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ISBN : 978-2-7460-9712-4
EAN : 9782746097124
(Editions ENI)


CentOS 2.1AS







forw − forward messages


forw [+folder] [msgs]
[−annotate] [−noannotate] [−form formfile]
[−format] [−noformat] [−filter filterfile]
[−inplace] [−noinplace] [−mime] [−nomime]
[−draftfolder +folder] [−draftmessage msg]
[−nodraftfolder] [−editor editor] [−noedit]
[−whatnowproc program] [−nowhatnowproc]
[−dashstuffing] [−nodashstuffing]
[−build] [−file msgfile]
[−version] [−help]

forw [+folder] [msgs] [−digest list] [−issue number]
[−volume number] [other switches for forw] [−help]


Forw may be used to prepare a message containing other messages.

It constructs the new message from a forms (components) file, with a body composed of the message(s) to be forwarded. An editor is invoked as in comp, and after editing is complete, the user is prompted before the message is sent.

The default message form contains the following elements:

If a file named “forwcomps” exists in the user’s nmh directory, it will be used instead of this default form. You may also specify an alternate forms file with the switch ’−form formfile’.

When If the draft already exists, forw will ask you as to the disposition of the draft. A reply of quit will abort forw, leaving the draft intact; replace will replace the existing draft with a blank skeleton; and list will display the draft.

If the ’−annotate’ switch is given, each message being forwarded will be annotated with the lines

Forwarded: date
Forwarded: addrs

where each address list contains as many lines as required. This annotation will be done only if the message is sent directly from forw. If the message is not sent immediately from forw, “comp −use” may be used to re−edit and send the constructed message, but the annotations won’t take place. Normally annotations are done inplace in order to preserve any links to the message. You may change this by using the ’−noinplace’ switch.

See comp (1) for a description of the ’−editor’ and ’−noedit’ switches.

Although forw uses a forms (components) file to direct it how to construct the beginning of the draft, it uses a message filter file to direct it as to how each forwarded message should be formatted in the body of the draft. The filter file for forw should be a standard form file for mhl, as forw will invoke mhl to filter (re−format) the forwarded messages prior to being output to the body of the draft.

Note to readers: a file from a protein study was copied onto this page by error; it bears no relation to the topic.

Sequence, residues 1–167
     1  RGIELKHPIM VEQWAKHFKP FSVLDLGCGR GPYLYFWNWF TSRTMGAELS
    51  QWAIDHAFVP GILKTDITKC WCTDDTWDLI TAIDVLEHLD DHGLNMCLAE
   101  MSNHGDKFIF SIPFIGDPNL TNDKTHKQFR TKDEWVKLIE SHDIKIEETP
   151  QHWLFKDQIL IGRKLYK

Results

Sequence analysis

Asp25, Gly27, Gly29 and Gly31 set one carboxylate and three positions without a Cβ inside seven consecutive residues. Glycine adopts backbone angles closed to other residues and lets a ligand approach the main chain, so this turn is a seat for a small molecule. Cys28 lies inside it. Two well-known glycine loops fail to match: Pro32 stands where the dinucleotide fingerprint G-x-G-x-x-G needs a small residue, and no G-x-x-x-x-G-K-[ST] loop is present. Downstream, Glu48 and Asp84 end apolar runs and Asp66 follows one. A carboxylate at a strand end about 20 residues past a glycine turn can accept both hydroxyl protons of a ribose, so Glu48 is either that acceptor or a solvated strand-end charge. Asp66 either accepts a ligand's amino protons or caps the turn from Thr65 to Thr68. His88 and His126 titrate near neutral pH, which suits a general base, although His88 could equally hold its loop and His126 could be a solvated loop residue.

The switches ’−noformat’, ’−format’, and ’−filter filterfile’ specify which message filter file to use.

If ’−noformat’ is specified (this is the default), then each forwarded message is output into the draft exactly as it appears with no mhl filtering.

If ’−format’ is specified, then a default message filter file is used. This default message filter should be adequate for most users. This default filter “mhl.forward” is:

If a file named “mhl.forward” exists in the user’s nmh directory, it will be used instead of this form. You may specify an alternate message filter file with the switch ’−filter filterfile’.

Each forwarded message is separated with an encapsulation delimiter. By default, any dashes in the first column of the forwarded messages will be prepended with ’− ’ so that when received, the message is suitable for bursting by burst (1). This follows the Internet RFC−934 guidelines. You may use the flag ’−nodashstuffing’ in order to suppress this form of quoting to the forwarded messages.

For users of prompter (1), by specifying prompter’s ’-prepend’ switch in the .mh_profile file, any commentary text is entered before the forwarded messages. (A major win!)

To use the MIME rules for encapsulation, specify the ’−mime’ switch. This directs forw to generate an mhbuild composition file. Note that nmh will not invoke mhbuild automatically, unless you add this line to your .mh_profile file: